Subscribe to
Opera Today

Receive articles and news via RSS feeds or email subscription.


facebook-icon.png


twitter_logo[1].gif



Plumbago_9780993198359_1.png

9780521746472.png

0810888688.gif

0810882728.gif

Recently in Reviews

Herbert Howells: Choir of King’s College, Cambridge

The Choir of King’s College, Cambridge has played a role in the evolution of British music. This recording honours this heritage and Stephen Cleobury’s contribution in particular by focusing on Herbert Howells, who transformed the British liturgical repertoire in the 20th century.

Laurent Pelly's production of La Fille du régiment returns to Covent Garden

French soprano Sabine Devieilhe seems to find feisty adolescence a neat fit. I first encountered her when she assumed the role of a pill-popping nightclubbing ‘Beauty’ - raced from ecstasy-induced wonder to emergency ward - when I reviewed the DVD of Krzysztof Warlikowski’s production of Handel’s Il trionfo del Tempo e del Disinganno at Aix-en-Provence in 2016.

The Rise and Fall of the City of Mahagonny in Aix

Make no mistake, this is about you! Jim laid-out dead on the stage floor, conductor Esa-Pekka Salonen brought his very loud orchestra (London’s Philharmonia) to an abrupt halt. Black out. The maestro then turned his spotlighted face to confront us and he held his stare. There was no mistake, the music was about us.

Mozart's Travels: Classical Opera and The Mozartists at Wigmore Hall

There was a full house at Wigmore Hall for Classical Opera’s/The Mozartists’ final concert of the 2018-19 season: a musical paysage which chartered, largely chronologically, Mozart’s youthful travels from London to The Hague, on to Paris, then Rome, concluding - following stop-overs in European cultural cities such as Munich and Vienna - with an arrival at his final destination, Prague.

Tosca in Aix

From the sublime — the Mozart Requiem — to the ridiculous, namely stage director Christophe Honoré's Tosca. A ridiculous waste of operatic resources.

A terrific, and terrifying, The Turn of the Screw at Garsington

One might describe Christopher Oram’s set for Louisa Muller’s new production of The Turn of the Screw at Garsington as ‘shabby chic’ … if it wasn’t so sinister.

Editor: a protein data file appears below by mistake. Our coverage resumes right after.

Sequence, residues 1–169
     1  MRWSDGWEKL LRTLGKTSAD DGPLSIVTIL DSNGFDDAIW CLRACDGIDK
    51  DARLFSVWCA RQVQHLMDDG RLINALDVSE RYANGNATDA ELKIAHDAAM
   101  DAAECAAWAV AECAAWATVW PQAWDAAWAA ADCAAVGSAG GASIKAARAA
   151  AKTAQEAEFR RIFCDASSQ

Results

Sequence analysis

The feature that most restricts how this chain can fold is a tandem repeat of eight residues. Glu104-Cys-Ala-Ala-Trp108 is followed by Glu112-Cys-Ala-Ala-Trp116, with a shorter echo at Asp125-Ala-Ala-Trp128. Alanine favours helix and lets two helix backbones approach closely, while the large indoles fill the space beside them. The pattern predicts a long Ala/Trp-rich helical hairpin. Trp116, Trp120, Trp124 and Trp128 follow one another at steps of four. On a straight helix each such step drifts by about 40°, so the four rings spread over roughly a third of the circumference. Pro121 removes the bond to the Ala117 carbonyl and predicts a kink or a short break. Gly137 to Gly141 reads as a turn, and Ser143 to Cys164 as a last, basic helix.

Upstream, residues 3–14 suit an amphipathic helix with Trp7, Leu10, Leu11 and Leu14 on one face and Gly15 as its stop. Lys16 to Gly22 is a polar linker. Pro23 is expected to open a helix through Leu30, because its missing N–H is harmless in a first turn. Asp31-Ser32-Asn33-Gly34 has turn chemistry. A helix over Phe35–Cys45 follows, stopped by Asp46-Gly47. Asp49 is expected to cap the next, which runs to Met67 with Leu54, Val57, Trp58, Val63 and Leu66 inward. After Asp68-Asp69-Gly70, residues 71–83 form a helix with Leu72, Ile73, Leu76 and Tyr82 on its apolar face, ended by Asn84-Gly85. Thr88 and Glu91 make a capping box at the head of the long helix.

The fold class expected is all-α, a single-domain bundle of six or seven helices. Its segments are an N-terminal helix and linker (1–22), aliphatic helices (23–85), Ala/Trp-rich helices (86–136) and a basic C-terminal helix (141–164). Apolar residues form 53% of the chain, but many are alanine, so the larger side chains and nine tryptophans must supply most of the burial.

Mozart Requiem in Aix

Pierre Audi, now the directeur général of the Festival d’Aix as well as the artistic director of New York City’s Park Avenue Armory opens a new era for this distinguished opera festival in the south of France with a new work by the Festival’s signature composer, Wolfgang Amadeus Mozart.

A Rachmaninov Drama at Middle Temple Hall

It is Rachmaninov’s major works for orchestra - the Second and Third Piano Concertos, the Rhapsody on a Theme of Paganini, the Symphonic Dances - alongside the All-Night Vespers and the music for solo piano, which have earned the composer a permanent place in the concert repertoire today.

Fun, Frothy, and Frivolous: L’elisir d’amore at Las Vegas

There are a dizzying array of choices for music entertainment in Las Vegas ranging from Celine Dion and Cher to Paul McCartney and Aerosmith. Admittedly, these performers are a far cry from opera, but the point is that Las Vegas residents have many options when it comes to live music.

McVicar's production of Mozart's Le nozze di Figaro returns to the Royal Opera House

David McVicar's production of Mozart's Le nozze di Figaro at the Royal Opera House, Covent Garden, has been a remarkable success since it debuted in 2006. Set with the Count of Almaviva's fearfully grand household in 1830, McVicar's trick is to surround the principals by servants in a supra-naturalistic production which emphasises how privacy is at a premium.

The Cunning Little Vixen at the Barbican Hall

The presence of a large cast of ‘animals’ in Janáček’s The Cunning Little Vixen can encourage directors and designers to create costume-confections ranging from Disney-esque schmaltz to grim naturalism.

Barbe-Bleue in Lyon

Stage director Laurent Pelly is famed for his Offenbach stagings, above all others his masterful rendering of Les Contes d’Hoffmann as a nightmare. Mr. Pelly has staged eleven of Offenbach’s ninety-nine operettas over the years (coincidently this production of Barbe-Bleue is Mr. Pelly’s ninety-eighth opera staging).

Mieczysław Weinberg: Symphony no. 21 (“Kaddish”)

Mieczysław Weinberg witnessed the Holocaust firsthand. He survived, though millions didn’t, including his family. His Symphony no. 21 “Kaddish” (Op. 152) is a deeply personal statement. Yet its musical qualities are such that they make it a milestone in modern repertoire.

The Princeton Festival Presents Nixon in China

The Princeton Festival has adopted a successful and sophisticated operatic programming strategy, whereby the annual opera alternates between a standard warhorse and a less known, more challenging work. Last year Princeton presented Puccini’s Madama Butterfly. This year the choice is Nixon in China by modern American composer John Adams, which opened before a nearly full house of appreciative listeners.

Humperdinck's Hansel and Gretel at Grange Park Opera

When Engelbert Humperdinck's sister, Adelheid Wette, wrote the libretto to Hansel and Gretel the idea of a poor family living in a hut near the woods, on the bread-line, would have had an element of realism to it despite the sentimental layers which Wette adds to the tale.

Handel’s Belshazzar at The Grange Festival

What a treat to see members of The Sixteen letting their hair down. This was no strait-laced post-concert knees-up, but a full on, drunken orgy at the court of the most hedonistic ruler in the Old Testament.

Kenshiro Sakairi and the Tokyo Juventus Philharmonic in Mahler’s Eighth

Although some works by a number of composers have had to wait uncommonly lengthy periods of time to receive Japanese premieres - one thinks of both Mozart’s Jupiter and Beethoven’s Fifth (1918), Handel’s Messiah (1929), Wagner’s Parsifal (1967), Berlioz’s Roméo et Juliette (1966) and even Bruckner’s Eighth (1959, given its premiere by Herbert von Karajan) - Mahler might be considered to have fared somewhat better.